Affordable SA program manager Sharon Maslen said higher prices on household items and petrol in recent months have kept her team busy answering calls.

“What they’re calling about is often the buy now, pay later. They’ve entered that and it’s gotten out of hand for them,” Ms Maslen said.

“That, combined with an increased cost of food and the increased cost in petrol, is what we’re seeing calls about.”

New figures revealed the inflation rate hit 5.1 per cent this week, the fastest rate prices have risen in more than 20 years.

In the January to March quarter, Affordable SA received 3500 calls for help, 500 more than the previous quarter, and the team will only get busier, Ms Maslen said.

“You could almost draw a connecting line between the increase in petrol, that’s when we started to see an increase in calls,” she said.

Cost of living: how to save money

At the shops
Only buy in-season fruit and vegetables
Make a weekly meal plan
Always make a shopping list and stick to it
Check your pantry, fridge and freezer properly before grocery shopping
Don’t shop while hungry
Look at items beyond eye level as they may be cheaper
Sign up to a grocery reward program
At home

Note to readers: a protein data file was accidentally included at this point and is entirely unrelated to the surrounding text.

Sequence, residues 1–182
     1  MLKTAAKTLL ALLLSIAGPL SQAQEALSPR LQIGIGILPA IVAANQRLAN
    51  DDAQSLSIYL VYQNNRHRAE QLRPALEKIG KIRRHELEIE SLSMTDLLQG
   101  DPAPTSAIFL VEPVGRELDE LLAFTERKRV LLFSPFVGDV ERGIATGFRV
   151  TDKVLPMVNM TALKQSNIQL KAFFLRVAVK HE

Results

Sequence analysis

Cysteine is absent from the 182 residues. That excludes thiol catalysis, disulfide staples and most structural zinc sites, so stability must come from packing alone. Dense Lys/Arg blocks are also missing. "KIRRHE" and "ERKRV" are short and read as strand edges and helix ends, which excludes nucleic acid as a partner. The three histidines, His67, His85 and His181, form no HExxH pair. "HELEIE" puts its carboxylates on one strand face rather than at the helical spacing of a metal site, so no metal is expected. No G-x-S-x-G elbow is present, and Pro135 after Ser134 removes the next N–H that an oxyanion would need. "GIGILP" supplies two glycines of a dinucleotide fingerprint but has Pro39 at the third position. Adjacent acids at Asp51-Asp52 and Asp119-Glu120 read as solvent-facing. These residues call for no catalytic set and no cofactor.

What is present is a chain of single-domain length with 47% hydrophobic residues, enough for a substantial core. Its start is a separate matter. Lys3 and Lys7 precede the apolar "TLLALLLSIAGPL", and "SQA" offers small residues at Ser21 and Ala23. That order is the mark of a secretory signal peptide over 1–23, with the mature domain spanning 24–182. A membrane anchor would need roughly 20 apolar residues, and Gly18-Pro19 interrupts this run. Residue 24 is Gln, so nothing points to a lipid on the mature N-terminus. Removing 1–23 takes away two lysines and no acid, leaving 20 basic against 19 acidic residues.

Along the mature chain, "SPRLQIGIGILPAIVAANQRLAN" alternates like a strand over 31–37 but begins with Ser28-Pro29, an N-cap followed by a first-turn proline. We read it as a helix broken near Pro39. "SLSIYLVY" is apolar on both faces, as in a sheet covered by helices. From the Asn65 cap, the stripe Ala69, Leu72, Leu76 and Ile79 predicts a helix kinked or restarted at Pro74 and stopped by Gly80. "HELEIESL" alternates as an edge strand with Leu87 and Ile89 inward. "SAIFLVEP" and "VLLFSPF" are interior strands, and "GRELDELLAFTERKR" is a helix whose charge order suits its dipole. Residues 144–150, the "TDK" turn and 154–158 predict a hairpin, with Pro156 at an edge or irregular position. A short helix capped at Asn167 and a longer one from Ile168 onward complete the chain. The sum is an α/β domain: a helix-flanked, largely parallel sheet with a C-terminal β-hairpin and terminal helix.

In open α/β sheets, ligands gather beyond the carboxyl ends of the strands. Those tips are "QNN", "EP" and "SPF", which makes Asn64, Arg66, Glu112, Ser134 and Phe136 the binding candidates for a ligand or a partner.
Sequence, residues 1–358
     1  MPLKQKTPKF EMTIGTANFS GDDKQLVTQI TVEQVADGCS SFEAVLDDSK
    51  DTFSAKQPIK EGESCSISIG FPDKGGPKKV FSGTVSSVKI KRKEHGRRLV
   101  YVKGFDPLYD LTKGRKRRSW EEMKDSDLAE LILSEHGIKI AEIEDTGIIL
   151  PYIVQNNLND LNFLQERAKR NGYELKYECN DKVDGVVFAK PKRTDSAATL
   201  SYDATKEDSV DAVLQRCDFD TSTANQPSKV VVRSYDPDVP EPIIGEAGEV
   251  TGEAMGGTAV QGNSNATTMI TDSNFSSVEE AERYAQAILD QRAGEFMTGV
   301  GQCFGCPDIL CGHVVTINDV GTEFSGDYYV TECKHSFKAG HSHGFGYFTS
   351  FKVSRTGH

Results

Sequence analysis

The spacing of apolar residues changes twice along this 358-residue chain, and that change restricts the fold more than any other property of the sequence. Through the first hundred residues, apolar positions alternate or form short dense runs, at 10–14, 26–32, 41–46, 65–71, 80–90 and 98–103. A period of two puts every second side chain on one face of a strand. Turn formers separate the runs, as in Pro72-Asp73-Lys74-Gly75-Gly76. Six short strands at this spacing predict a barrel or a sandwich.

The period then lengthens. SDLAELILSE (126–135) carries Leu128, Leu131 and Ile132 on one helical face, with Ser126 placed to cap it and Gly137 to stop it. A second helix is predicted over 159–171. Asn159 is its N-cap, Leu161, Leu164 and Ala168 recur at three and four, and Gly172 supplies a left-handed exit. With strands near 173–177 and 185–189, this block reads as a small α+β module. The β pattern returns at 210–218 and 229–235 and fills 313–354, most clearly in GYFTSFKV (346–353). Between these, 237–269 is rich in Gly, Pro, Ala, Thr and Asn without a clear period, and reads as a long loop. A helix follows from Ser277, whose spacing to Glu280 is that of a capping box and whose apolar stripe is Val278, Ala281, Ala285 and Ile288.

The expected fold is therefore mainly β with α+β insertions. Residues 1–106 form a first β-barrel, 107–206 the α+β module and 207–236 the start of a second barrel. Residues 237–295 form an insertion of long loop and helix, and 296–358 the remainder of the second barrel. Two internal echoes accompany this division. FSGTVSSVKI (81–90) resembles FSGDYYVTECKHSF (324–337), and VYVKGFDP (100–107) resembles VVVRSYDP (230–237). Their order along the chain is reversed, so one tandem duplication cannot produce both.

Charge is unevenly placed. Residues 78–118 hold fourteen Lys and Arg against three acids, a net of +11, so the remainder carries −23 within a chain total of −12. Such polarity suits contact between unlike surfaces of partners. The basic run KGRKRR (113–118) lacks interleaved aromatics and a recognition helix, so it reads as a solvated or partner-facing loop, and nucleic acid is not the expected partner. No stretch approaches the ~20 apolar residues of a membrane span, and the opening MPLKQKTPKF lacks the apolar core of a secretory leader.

Shade your windows to keep the home cool or warm
Replace halogen downlights with LEDs which use less power
Replace old inefficient fridges with one that uses less energy
Check your insulation and replace it if old to help with heating and cooling
Draught-proof your house by sealing gaps and chimney ventilation outlets when not in use
Use timer switches for heating and cooling
Heat the person not the house – wear a jumper and more clothing instead of using a heater if you can
Only use energy-smart appliances
Don’t place hot items in the fridge
Always run a full dishwasher
Install efficient shower heads and have shorter showers
Use the half flush
Fix leaking taps
Wash clothes on the cold water cycle
Personal tips
Keep a spending diary
Sell things you have no use for on marketplace or other online forums
Ask yourself if you “want it” or “need it” before you buy anything
Create a weekly expenses budget and stick to it
Shop around to find the best prices on food and petrol
Call the Affordable SA helpline if necessary on 1800 025 539